Aboriginal timeline: Education
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Pat O’Shane graduates from the University of New South Wales, becoming the first Aboriginal person to be admitted to the Bar.
Nationwide Aboriginal Education Advisory Groups are set up. National Aboriginal Education committee formed.
Pat O’Shane becomes the first Aboriginal law graduate and barrister.
The NSW Aboriginal Education Advisory Group re-forms as NSW Aboriginal Education Consultative Group, representing communities statewide, and later recognised as a principal source of advice to the government on Aboriginal education.
Aboriginal Education Policy becomes mandatory for all schools.
Pat Dudgeon from the Bardi people (Kimberley area, Western Australia) graduates to become Australia’s first Aboriginal psychologist. She goes on to get her PhD in 2008.
The government introduces the National Aboriginal and Torres Strait Islander Education Policy, the first policy of its kind to explicitly address the educational differences between Aboriginal and non-Aboriginal peoples.
The NT government rules that the first four hours of education in all NT schools will be delivered in English, putting an end to 34 years of bilingual education in the Northern Territory by ending the nine remaining bilingual programs.
Aboriginal languages become a new HSC subject, seven years after the NSW Aboriginal Languages Policy was introduced.
The NSW Parliament introduces the Aboriginal Languages Bill 2017 which is designed to recognise the significance of Aboriginal languages and, for the first time in Australia’s history, how important it is to preserve them and find measures to protect and revive NSW Aboriginal languages.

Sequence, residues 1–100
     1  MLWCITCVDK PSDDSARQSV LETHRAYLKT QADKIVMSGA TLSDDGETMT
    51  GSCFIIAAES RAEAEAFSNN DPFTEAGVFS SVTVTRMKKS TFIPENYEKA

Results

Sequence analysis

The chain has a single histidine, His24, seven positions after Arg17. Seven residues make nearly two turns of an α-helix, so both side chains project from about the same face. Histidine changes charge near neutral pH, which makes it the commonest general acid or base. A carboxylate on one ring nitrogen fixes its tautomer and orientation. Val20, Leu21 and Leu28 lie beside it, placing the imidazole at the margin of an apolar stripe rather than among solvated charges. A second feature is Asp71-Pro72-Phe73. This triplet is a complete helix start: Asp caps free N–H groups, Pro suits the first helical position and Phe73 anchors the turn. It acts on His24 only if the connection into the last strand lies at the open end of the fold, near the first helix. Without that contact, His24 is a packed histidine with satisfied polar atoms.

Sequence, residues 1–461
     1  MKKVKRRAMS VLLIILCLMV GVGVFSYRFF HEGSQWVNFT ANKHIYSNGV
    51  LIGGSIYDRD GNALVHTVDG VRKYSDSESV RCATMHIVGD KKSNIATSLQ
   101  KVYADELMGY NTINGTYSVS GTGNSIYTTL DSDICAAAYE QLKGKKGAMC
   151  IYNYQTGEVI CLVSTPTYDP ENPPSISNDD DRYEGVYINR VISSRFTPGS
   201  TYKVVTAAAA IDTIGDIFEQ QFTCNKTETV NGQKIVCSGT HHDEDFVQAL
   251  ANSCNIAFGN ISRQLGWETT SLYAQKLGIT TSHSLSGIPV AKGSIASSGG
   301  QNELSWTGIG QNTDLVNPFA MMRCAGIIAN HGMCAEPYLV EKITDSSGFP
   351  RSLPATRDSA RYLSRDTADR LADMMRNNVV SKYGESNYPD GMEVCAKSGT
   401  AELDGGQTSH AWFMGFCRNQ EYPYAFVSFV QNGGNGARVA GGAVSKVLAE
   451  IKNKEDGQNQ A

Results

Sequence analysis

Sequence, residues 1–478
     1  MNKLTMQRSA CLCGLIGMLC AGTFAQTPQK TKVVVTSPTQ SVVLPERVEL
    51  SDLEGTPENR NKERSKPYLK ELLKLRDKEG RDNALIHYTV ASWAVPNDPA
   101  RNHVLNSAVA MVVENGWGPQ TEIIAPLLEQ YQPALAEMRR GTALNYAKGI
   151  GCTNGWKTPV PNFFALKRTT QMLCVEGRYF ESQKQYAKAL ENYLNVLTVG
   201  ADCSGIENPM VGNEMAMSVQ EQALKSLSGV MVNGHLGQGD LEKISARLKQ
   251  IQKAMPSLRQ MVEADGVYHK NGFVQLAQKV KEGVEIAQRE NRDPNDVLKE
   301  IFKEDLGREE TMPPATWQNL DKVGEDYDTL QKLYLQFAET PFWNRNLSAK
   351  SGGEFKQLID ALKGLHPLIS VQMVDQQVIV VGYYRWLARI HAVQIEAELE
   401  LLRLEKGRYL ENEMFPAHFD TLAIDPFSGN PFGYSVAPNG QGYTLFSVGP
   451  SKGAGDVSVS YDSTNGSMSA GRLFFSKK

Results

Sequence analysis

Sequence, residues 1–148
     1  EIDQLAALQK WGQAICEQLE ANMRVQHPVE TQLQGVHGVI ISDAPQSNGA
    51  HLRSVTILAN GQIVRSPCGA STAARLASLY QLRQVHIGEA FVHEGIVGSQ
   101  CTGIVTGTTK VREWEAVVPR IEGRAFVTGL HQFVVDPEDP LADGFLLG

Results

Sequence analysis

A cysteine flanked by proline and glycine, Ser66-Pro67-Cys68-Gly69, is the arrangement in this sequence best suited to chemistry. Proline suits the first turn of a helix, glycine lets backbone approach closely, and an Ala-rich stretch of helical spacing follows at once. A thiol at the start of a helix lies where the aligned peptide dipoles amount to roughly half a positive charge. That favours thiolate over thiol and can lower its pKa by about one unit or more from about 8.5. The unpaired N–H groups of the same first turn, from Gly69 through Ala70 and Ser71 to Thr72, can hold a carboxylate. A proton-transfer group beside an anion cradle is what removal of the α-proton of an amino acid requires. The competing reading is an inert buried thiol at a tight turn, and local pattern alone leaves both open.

For the first time, Year 11 HSC students can learn about pre-1788 Aboriginal history in the same way they are taught ancient Greek and Roman history, with a new ‘Ancient Australia’ unit within the Ancient History Stage 6 syllabus. Students investigate ancient artefacts and sites in their local area.
Australia Post issues a set of four stamps to promote four recent citizen science projects from Australia. Citizen science involves public participation and collaboration in scientific research with the aim of increasing scientific knowledge.
One stamp celebrates the Ngukurr Wi Stadi Bla Kantri ("We Study the Country" in the Kriol language) biodiversity project, a cross-cultural collaboration between the remote Aboriginal community of Ngukurr in south-east Arnhem Land and Macquarie University in Sydney.
The Ngukurr Wi Stadi Bla Kantri project started in 2010, bringing together the Yugul Mangi Rangers, most of the residents of Ngukurr and children at Ngukurr School. It helps equip Aboriginal Elders and youth with the knowledge and tools to better understand and manage South East Arnhem Land environments. Through the project, the team is re-discovering a large and remote area unknown to Western science and working towards maintaining endangered Aboriginal bio-cultural knowledge.